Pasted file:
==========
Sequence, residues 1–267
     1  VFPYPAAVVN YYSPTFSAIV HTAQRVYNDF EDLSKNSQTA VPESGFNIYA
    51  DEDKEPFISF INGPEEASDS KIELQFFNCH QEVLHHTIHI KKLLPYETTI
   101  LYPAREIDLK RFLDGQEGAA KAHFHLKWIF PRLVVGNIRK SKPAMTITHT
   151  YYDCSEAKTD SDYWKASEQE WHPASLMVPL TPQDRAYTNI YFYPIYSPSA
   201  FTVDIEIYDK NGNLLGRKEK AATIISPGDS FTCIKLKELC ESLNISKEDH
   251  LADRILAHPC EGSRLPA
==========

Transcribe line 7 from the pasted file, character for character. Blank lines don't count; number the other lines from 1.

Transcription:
   251  LADRILAHPC EGSRLPA